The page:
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Hoffmann, R. A wiki for the life sciences where authorship matters. Nature Genetics (2008)

Intrinsic dichlorophenolindophenol reductase activity associated with the superoxide-generating oxidoreductase of human granulocytes.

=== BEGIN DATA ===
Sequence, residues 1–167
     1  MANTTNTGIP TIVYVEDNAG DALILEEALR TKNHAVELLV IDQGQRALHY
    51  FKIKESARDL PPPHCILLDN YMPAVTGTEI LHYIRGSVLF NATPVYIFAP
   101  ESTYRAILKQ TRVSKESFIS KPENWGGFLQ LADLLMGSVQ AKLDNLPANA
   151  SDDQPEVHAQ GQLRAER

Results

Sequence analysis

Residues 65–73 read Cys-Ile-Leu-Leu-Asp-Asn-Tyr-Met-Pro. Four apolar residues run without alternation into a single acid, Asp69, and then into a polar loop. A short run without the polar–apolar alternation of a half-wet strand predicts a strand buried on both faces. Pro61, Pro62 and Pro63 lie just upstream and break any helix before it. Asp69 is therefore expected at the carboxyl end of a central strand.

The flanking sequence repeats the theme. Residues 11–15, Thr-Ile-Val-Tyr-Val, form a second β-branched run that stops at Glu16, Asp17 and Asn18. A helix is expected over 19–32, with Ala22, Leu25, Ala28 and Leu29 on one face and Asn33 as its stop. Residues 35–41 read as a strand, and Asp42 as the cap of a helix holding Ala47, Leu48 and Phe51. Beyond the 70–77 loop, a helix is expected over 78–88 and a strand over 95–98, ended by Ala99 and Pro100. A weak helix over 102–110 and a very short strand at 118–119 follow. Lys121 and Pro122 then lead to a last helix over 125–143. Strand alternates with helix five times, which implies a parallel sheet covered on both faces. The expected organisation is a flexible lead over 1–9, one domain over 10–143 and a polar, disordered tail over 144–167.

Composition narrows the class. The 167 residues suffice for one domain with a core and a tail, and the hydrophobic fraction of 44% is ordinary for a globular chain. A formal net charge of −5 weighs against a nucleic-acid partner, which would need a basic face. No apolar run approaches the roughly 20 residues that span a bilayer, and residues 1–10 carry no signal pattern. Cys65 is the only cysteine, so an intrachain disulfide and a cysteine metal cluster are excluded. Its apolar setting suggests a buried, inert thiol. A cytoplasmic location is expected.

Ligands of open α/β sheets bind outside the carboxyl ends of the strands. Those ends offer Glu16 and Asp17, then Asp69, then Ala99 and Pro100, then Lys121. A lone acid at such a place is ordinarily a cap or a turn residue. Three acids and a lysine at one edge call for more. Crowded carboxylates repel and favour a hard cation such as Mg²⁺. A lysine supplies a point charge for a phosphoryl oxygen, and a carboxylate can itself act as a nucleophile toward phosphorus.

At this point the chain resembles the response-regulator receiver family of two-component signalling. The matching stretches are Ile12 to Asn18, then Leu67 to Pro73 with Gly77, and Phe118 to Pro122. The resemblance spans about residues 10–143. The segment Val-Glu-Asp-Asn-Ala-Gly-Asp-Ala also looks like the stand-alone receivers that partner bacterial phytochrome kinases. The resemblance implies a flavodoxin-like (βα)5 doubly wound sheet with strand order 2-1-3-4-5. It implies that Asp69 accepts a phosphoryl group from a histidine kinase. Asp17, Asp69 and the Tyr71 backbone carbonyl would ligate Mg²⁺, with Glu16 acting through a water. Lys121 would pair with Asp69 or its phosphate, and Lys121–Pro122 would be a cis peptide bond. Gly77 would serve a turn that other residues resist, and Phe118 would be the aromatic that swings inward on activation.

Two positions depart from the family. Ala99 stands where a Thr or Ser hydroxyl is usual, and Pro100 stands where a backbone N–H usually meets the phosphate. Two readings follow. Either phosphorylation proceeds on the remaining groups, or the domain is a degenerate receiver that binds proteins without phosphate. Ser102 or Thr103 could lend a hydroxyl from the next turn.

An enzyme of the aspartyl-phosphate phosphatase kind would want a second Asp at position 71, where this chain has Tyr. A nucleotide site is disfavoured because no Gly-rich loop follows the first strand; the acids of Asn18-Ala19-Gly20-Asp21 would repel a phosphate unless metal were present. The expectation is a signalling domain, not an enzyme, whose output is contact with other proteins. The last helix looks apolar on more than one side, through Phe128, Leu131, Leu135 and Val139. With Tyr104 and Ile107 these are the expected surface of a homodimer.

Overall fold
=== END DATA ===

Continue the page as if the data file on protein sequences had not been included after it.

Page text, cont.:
NADPH-dependent dichlorophenolindophenol ( DCIP) reductase activity cosediments with NADPH-dependent O(2-)-generating activity in subcellular particulate fractions of zymosan-stimulated human polymorphonuclear leukocytes (PMN's). Subcellular fractions derived from unstimulated PMN's were devoid of both activities, as were fractions from zymosan-stimulated PMN's of a patient known to have chronic granulomatous disease. NADPH-dependent DCIP reduction associated with the oxidoreductase-rich subcellular fractions was unaffected by addition of excess superoxide dismutase sufficient to abolish all traces of O2- production as measured by conversion of ferricytochrome c to its ferrous form. Moreover, DCIP inhibited NADPH-dependent production of O2- in subcellular fractions derived from normal donors. In contrast to the subcellular studies, whole cell suspensions were ineffective in reducing extracellular DCIP despite their capacity to generate O2-, albeit at a lesser rate, in the presence of this electron-accepting dye. These results demonstrate that DCIP reductase activity is associated with the oxidoreductase complex and suggest that it is located on the inner side of the PMN's plasma membrane. The stability of the oxidoreductase complex is markedly improved by storage in glycerol. Both overall O(2-)-generating activity and DCIP reductase activity exhibit a similar pH optimum of 7. 0. The Km of the oxidoreductase complex for DCIP is 33 micro M.[1]


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